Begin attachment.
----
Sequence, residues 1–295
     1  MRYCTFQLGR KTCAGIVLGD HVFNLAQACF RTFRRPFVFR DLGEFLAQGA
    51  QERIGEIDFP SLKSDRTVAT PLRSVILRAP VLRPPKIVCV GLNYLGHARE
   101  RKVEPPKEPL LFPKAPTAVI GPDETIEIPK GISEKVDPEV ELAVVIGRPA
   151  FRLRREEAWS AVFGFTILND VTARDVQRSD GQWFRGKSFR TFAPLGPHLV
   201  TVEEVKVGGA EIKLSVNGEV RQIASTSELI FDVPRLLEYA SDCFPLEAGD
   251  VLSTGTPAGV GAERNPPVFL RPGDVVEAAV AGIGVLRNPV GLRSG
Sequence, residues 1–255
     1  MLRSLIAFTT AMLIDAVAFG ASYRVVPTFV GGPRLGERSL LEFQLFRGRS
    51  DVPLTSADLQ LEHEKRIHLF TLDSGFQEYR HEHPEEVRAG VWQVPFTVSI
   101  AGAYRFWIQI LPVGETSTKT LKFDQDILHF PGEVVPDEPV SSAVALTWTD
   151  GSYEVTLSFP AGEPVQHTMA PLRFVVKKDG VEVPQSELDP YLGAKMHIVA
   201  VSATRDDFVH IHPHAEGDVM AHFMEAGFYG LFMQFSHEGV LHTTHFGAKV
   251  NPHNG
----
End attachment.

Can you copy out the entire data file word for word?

Sequence, residues 1–295
     1  MRYCTFQLGR KTCAGIVLGD HVFNLAQACF RTFRRPFVFR DLGEFLAQGA
    51  QERIGEIDFP SLKSDRTVAT PLRSVILRAP VLRPPKIVCV GLNYLGHARE
   101  RKVEPPKEPL LFPKAPTAVI GPDETIEIPK GISEKVDPEV ELAVVIGRPA
   151  FRLRREEAWS AVFGFTILND VTARDVQRSD GQWFRGKSFR TFAPLGPHLV
   201  TVEEVKVGGA EIKLSVNGEV RQIASTSELI FDVPRLLEYA SDCFPLEAGD
   251  VLSTGTPAGV GAERNPPVFL RPGDVVEAAV AGIGVLRNPV GLRSG
Sequence, residues 1–255
     1  MLRSLIAFTT AMLIDAVAFG ASYRVVPTFV GGPRLGERSL LEFQLFRGRS
    51  DVPLTSADLQ LEHEKRIHLF TLDSGFQEYR HEHPEEVRAG VWQVPFTVSI
   101  AGAYRFWIQI LPVGETSTKT LKFDQDILHF PGEVVPDEPV SSAVALTWTD
   151  GSYEVTLSFP AGEPVQHTMA PLRFVVKKDG VEVPQSELDP YLGAKMHIVA
   201  VSATRDDFVH IHPHAEGDVM AHFMEAGFYG LFMQFSHEGV LHTTHFGAKV
   251  NPHNG